Tidwell saw the small meals her grandmother would prepare: often a small cup of cooked beans and a hamburger patty. They grew what they could in their garden, and bought the rest at a neighborhood grocery store, where they had an account they paid on each month.

Even with Meals on Wheels and the federal Supplemental Nutrition Assistance Program, there are many people who don't quite fit the requirements, or whose need is greater than what those programs provide. "I knew there was a large gap that fell through the cracks with the elderly," she says.

With this food pantry, she tries to supplement what they already have with fruits, vegetables, and protein. She also doles out household basics such as toilet paper, paper towels, toothpaste, and deodorant, as she gets those supplies.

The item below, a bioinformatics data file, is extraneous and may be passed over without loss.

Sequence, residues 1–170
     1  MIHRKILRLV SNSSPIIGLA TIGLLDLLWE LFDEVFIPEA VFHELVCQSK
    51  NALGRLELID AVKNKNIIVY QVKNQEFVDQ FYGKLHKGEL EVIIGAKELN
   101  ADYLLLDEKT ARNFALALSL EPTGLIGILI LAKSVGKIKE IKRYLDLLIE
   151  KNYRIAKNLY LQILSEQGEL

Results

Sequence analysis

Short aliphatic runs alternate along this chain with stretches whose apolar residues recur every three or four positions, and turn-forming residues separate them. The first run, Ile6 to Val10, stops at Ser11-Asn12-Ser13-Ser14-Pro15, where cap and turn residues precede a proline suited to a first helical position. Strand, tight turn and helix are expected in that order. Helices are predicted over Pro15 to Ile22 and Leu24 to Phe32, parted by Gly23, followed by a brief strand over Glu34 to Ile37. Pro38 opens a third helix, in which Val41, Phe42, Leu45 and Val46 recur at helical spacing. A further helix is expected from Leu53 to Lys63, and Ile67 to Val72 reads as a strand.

There are monthly deliveries to several senior centers, with twice-monthly stops to the largest one. Tidwell became more aggressive about seeking out those in need after an encounter at the grocery store. She was in line behind an elderly woman who bought several cans of pet food; the cashier confirmed that the woman was eating it herself.

Tidwell immediately started tracking down more housing complexes with elderly and disabled residents for food distribution.

"If they can cook, they do want to cook their food. And I think that is a very important area of independence," Tidwell says. "I believe as long as we can keep them independent, they do better–from a health perspective, from a psychosocial perspective, from a mental perspective. They just do better."

In her program, Tidwell also focuses on mentoring and developing youth. She gets them involved with the food pantry, and also works to connect them with educational programs, scholarships, and mentors.

"I want to get the minds of these children off of their conditions, which is impoverished. That's what this community did for me," she says. "It didn't allow me to languish in a state of mental poverty."

Tidwell refers to Abraham Maslow, the American psychologist, who created a hierarchy of needs. They start with physiological needs–such as food, water, and sleep–at the base, then elevate to safety, belongingness, esteem, and self-actualization.